The Catholic Archdiocese of New York announced Tuesday a record $40 million gift to the Inner-City Scholarship Fund from Christine & Stephen A. Schwarzman.
The gift is the largest single donation in the archdiocese's 207-year history, according to a statement from the Inner-City Scholarship Fund.
The Schwarzmans' gift is part of the fund's new endowment campaign, which kicked off Monday.
The "Kids Are Our Capital" effort aims to raise $125 million. The archdiocese also contributed $40 million to the endowment, which provides scholarships to underprivileged children Catholic schools in the New York archdiocese.
The endowment will provide funding in perpetuity rather than rely on fundraising alone to pay for scholarships, according to the fund's statement.
Inner-City provides tuition assistance to nearly 7,000 Catholic school students, 92 percent of which are minorities and 33 percent non-Catholic. Ninety-eight percent of seniors attending Inner-City supported schools graduate, and 96 percent pursue higher education.
Forbes magazine ranks Schwarzman as the 100th wealthiest American with a net worth in excess of $12 billion. He is the CEO and founder of the global asset management firm Blackstone. Schwarzman's wife Christine is trustee of Inner-City Scholarship Fund and a philanthropist.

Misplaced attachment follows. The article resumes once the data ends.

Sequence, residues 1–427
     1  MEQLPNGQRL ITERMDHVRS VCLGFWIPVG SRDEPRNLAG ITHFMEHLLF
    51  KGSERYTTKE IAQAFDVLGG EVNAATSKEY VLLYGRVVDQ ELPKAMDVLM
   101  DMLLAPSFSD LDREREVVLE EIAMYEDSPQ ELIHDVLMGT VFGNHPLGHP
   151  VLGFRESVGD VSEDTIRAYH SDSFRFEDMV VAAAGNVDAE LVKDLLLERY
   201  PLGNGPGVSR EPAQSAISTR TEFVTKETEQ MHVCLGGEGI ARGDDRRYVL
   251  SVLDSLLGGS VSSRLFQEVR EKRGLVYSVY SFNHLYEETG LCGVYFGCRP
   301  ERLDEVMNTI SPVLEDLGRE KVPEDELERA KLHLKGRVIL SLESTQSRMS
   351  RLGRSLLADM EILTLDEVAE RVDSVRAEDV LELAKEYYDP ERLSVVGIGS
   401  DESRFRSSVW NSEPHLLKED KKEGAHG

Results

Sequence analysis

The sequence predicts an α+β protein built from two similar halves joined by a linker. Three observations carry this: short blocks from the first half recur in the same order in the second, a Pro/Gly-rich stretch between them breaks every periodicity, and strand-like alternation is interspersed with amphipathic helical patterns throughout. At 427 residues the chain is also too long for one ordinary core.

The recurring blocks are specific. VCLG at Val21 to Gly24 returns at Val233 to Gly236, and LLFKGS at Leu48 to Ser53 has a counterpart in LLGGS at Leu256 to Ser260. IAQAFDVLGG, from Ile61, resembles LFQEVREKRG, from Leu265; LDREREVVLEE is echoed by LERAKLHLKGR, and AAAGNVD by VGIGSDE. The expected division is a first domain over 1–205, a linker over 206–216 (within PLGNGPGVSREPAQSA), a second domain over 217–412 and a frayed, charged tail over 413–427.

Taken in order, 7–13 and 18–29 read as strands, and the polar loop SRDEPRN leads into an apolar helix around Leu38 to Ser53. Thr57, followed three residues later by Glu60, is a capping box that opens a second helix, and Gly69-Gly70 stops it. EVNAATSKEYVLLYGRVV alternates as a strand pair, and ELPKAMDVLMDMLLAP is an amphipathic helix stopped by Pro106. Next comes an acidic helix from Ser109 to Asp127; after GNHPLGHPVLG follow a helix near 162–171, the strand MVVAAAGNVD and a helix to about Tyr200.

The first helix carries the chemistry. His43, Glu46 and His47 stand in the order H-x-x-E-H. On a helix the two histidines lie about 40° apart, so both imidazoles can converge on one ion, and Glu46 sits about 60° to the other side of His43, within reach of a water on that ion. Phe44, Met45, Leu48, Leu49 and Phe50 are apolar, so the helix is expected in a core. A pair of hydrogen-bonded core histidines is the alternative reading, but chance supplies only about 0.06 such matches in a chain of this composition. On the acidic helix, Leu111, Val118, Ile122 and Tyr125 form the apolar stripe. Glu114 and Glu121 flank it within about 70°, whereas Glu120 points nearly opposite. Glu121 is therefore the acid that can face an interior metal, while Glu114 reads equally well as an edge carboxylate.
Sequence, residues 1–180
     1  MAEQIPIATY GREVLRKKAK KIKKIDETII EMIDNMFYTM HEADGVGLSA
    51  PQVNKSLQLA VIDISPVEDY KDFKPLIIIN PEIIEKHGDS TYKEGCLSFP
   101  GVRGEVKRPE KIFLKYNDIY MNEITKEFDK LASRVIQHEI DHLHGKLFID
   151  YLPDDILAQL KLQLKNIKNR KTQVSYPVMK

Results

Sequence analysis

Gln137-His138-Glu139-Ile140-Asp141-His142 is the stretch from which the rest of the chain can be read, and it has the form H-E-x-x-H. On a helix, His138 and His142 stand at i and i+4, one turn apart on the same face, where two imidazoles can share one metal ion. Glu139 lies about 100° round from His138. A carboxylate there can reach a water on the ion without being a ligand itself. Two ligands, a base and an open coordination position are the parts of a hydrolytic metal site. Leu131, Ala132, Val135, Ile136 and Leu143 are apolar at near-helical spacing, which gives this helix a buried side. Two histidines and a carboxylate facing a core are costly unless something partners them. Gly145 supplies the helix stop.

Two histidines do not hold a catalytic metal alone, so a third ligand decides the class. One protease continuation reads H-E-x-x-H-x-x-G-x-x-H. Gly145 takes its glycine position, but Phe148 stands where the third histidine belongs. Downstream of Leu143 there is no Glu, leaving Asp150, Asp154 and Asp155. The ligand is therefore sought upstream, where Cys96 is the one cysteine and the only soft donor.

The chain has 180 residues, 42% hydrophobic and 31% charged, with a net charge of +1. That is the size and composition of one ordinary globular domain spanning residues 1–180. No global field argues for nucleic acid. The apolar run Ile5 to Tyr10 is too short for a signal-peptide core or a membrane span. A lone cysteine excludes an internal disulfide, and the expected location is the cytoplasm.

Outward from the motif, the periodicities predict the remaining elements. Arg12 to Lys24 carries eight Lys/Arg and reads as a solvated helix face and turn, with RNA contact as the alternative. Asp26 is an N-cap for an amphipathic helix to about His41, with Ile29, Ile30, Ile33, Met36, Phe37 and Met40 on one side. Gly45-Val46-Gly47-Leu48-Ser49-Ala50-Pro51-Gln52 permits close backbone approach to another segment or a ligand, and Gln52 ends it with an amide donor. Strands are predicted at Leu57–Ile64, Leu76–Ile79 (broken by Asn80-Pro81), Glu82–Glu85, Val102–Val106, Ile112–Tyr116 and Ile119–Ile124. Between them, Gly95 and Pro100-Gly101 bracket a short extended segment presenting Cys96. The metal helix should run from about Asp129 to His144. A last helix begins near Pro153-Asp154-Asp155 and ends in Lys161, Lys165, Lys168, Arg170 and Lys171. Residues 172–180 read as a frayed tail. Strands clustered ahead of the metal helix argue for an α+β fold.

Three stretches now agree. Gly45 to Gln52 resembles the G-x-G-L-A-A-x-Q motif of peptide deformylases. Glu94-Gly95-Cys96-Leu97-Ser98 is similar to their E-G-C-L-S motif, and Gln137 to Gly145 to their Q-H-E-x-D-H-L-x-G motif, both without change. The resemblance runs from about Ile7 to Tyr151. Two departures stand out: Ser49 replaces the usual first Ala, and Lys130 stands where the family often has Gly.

About 2,900 new scholarships will be awarded annually, which is an increase of 43 percent. Current and new students will be eligible, and they will be awarded beginning in fall 2016.
"I believe this is the single largest gift ever made to Catholic elementary and secondary education not only in our archdiocese, but in the nation," Timothy Cardinal Dolan said in announcing the Schwarzmans' gift.
"That, when combined with the sacrifices our parents make to send their children to our schools and the dedication of our teachers and administrators is a tremendous gift to our city. I am so grateful."
The Schwarzmans' support of the Inner-City Scholarship Fund began in 2001 after they met then-Archbishop of New York Edward Cardinal Egan. They had given more than $8 million to help 350 students a year, according to the fund's statement.
"We've met so many impressive young women and men from various religious backgrounds," said Christine Schwarzman. "They have all benefited greatly from the values provided by a Catholic school education. Providing future generations that same opportunity is very important to us."
"Quality education is the single greatest gift we can provide to young people, and Catholic schools have been providing it to the children of New York for a long time with great results," Stephen A. Schwarzman said.
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